Just when the world is all a twinkle with Christmas lights, Phillips, de Pury & Co. design specialist Marcus Tremonto, a light artist in his own right, is showcasing his own creative endeavors at the auctioneer’s 15th Street gallery. Ghostly, surreal and with some Bauhaus riffs, these artworks that double as lighting fixtures are composed of electroluminescene, a material that glows in varied colors when stimulated with electricity. Some are akin to flat screen paintings -- a glowing line rendering of a chandelier, for example, on a panel that hangs on the wall -- while others are sculptural and more literally "lamplike."
Tremonto, who began as an artist in the Windy City and headed up Sotheby’s Chicago in the 1990s, says that light is a medium just like paint, pastel and crayon. "My lighting combines science, technology, design and art," he says. The work comes in editions of 10 and is priced at $10,000-$38,000, with interior designers responding favorably to this new turn in the decorative arts.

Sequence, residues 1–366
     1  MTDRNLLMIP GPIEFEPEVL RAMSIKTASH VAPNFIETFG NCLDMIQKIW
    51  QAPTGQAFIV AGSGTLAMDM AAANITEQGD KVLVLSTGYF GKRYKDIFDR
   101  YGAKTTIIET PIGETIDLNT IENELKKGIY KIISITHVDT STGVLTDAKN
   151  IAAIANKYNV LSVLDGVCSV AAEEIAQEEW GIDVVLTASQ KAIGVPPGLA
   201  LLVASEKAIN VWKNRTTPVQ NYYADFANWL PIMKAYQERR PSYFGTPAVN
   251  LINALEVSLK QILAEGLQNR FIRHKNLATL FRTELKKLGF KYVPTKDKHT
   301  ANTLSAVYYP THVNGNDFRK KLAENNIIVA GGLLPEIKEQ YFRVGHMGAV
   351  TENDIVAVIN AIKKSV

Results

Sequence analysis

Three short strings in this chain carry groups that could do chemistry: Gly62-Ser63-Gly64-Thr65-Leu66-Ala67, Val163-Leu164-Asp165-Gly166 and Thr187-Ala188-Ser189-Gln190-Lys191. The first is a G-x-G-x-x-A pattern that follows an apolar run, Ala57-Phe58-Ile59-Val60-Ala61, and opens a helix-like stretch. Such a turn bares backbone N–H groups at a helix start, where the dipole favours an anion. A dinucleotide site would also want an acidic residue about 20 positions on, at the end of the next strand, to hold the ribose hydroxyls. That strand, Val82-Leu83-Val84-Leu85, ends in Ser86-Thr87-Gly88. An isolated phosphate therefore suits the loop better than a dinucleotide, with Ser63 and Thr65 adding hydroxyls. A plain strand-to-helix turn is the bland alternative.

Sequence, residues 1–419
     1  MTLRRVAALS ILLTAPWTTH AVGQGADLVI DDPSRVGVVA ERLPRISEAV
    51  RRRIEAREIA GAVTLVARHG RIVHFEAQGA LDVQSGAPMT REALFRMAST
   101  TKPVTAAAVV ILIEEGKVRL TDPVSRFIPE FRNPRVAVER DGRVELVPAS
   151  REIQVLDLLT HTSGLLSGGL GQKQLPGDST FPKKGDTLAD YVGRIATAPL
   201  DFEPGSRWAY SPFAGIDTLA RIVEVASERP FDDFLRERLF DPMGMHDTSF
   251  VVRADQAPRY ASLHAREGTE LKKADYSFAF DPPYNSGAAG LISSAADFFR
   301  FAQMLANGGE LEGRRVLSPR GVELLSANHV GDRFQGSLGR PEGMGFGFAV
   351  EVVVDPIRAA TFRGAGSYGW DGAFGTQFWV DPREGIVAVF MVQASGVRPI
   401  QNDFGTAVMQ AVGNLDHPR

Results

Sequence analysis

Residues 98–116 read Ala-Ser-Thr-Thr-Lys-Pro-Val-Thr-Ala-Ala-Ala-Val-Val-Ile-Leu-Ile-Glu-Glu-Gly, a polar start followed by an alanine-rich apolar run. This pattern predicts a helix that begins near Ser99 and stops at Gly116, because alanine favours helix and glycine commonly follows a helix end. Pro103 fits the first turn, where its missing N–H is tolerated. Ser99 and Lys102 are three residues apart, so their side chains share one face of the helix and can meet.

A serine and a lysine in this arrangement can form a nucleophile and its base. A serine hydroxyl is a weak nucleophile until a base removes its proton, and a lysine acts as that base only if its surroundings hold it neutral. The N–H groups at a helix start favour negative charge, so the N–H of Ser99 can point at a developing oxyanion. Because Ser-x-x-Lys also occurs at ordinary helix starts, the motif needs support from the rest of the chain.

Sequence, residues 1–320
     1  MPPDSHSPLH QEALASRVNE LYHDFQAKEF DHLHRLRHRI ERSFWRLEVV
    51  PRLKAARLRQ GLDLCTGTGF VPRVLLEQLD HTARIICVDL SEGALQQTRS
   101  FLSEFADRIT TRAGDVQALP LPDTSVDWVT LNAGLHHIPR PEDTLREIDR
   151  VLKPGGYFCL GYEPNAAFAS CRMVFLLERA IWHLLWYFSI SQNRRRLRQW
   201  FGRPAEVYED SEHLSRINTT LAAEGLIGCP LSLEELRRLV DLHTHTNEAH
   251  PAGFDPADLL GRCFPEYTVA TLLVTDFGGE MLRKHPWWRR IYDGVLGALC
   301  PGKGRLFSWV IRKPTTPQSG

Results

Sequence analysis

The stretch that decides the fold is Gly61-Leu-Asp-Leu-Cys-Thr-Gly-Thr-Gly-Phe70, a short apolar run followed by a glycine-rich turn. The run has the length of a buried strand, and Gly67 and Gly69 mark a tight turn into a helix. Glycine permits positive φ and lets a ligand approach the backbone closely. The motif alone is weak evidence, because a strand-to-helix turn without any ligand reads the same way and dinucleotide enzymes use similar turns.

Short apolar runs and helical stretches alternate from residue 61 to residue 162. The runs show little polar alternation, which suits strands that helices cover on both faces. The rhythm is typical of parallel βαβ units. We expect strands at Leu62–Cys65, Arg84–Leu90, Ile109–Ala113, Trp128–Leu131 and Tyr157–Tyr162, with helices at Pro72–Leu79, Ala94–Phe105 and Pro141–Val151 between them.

Especially appealing is 3830, a glowing painting-like object marked with Brice Marden-esque swirls of both pastel and acid hues, which Tremonto likens to a map. Overall, they make Jorge Pardo’s lighting seem downright banal. As technology continues to dominate our professional and personal lives, lighting will be ever more on the gallery scene.